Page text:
There goes Teddy Bridgewater, dropping back in the pocket and throwing the ball to one of his teammates, as if it were just another practice for No. 5.
Nine months removed from what could have been a career-ending knee injury, he shouldn’t be out here, looking like the quarterback the Minnesota Vikings drafted in 2014. Disbelief tells me; no, convinces me he should be in Eric Sugarman’s training room, fighting to put weight on what we believed to be a shredded knee.
The hype around the now-infamous footage tells me otherwise. Bridgewater’s not only recovering, but further along than I’d ever imagined on his journey back to playing football. It’s a remarkable turn of events for a young man many, including myself, thought would never set foot back on the field.
While I applaud and tirelessly cheer for Bridgewater, the buzz surrounding “The Return” ignores a simple, if inconvenient truth — Sam Bradford is the starting quarterback for the Vikings, in 2017 and likely beyond.
I couldn’t help but watch the video and feel for Bradford. Here was Bridgewater, a surefire question mark heading into 2017, getting the treatment and spotlight of a franchise quarterback. And behind him, Bradford stood, shoulders slumped – as if he hadn’t broken records and shattered expectations less than a year ago.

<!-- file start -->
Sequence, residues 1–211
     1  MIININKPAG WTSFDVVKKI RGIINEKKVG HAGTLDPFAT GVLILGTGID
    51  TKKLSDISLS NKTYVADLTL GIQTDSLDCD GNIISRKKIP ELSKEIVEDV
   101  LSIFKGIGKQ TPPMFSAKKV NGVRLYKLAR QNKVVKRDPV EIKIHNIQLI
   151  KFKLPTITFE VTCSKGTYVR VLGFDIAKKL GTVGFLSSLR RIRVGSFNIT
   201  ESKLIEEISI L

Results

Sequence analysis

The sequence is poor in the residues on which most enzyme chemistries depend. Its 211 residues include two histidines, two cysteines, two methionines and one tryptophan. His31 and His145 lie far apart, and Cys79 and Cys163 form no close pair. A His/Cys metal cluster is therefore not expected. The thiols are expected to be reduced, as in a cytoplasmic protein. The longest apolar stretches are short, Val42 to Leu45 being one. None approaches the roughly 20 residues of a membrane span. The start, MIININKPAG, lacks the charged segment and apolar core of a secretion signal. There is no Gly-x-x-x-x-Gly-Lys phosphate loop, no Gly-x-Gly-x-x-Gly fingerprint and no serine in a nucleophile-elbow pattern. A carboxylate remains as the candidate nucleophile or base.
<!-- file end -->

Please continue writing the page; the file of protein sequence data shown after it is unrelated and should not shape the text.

As much as we’d like to dismiss Bradford’s first season in Minnesota as “more of the same,” put in the context of his rushed arrival to Winter Park, it was quite the accomplishment. He absorbed Norv Turner’s complex playbook in a matter of two weeks, made his unforgettable debut at the Vikings’ illustrious new home in Week 2, and led a sputtering Vikings offense without the luxury of a serviceable offensive line or competent running game.
The Vikings may have finished a disappointing 8-8, but Bradford silenced some by staying healthy the entire season and navigating the tumultuous transition from Turner’s playbook to Pat Shurmur’s more West Coast-heavy attack. Minnesota relied on Bradford’s quick release to move the football, and for the most part, enjoyed the benefits of his stellar accuracy and decisive short-area passing.
It wasn’t all perfect, though; I myself had my doubts about Bradford after the move, originally calling him a spare tire on Minnesota’s “Super Bowl caravan.” The questions he’s failed to answer over the course of his career cast dark shadows over his future in purple and gold, and it’s perfectly reasonable to doubt if he’ll top his career-best 2016 performance.
Despite setting an NFL record in completion percentage, Bradford also gained the fewest yards per completion in 2016. The source of the statistic, Football Perspective, even published the article in the “Checkdowns” section of its website, further cementing Bradford’s reputation as a cautious signal caller. He didn’t show a willingness to challenge defenses and rarely attacked the “sticks” on third downs, increasing the amount of time Minnesota’s defense was on the field which eventually caused them to “run out of gas” by the end of the year.
Knowing this—and guessing he’d struggle as the short-term mercenary quarterback—I boldly proclaimed Bradford would “never replace Bridgewater” as the Vikings’ starter, but my conviction on that statement is wavering.